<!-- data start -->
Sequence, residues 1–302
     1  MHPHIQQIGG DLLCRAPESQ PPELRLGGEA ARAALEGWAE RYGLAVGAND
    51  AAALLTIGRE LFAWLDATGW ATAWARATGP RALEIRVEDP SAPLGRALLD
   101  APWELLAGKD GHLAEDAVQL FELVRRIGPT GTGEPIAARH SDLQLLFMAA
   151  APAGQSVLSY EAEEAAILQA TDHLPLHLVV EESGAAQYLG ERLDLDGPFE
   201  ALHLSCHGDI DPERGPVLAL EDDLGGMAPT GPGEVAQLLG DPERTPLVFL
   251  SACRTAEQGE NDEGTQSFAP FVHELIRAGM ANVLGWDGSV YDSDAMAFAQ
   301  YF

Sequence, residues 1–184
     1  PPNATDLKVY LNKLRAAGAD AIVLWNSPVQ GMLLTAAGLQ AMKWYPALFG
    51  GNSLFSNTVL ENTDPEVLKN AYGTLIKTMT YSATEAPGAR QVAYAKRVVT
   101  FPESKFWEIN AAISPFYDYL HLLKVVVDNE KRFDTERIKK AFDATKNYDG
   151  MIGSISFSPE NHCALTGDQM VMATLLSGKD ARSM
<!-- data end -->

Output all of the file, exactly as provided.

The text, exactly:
Sequence, residues 1–302
     1  MHPHIQQIGG DLLCRAPESQ PPELRLGGEA ARAALEGWAE RYGLAVGAND
    51  AAALLTIGRE LFAWLDATGW ATAWARATGP RALEIRVEDP SAPLGRALLD
   101  APWELLAGKD GHLAEDAVQL FELVRRIGPT GTGEPIAARH SDLQLLFMAA
   151  APAGQSVLSY EAEEAAILQA TDHLPLHLVV EESGAAQYLG ERLDLDGPFE
   201  ALHLSCHGDI DPERGPVLAL EDDLGGMAPT GPGEVAQLLG DPERTPLVFL
   251  SACRTAEQGE NDEGTQSFAP FVHELIRAGM ANVLGWDGSV YDSDAMAFAQ
   301  YF

Sequence, residues 1–184
     1  PPNATDLKVY LNKLRAAGAD AIVLWNSPVQ GMLLTAAGLQ AMKWYPALFG
    51  GNSLFSNTVL ENTDPEVLKN AYGTLIKTMT YSATEAPGAR QVAYAKRVVT
   101  FPESKFWEIN AAISPFYDYL HLLKVVVDNE KRFDTERIKK AFDATKNYDG
   151  MIGSISFSPE NHCALTGDQM VMATLLSGKD ARSM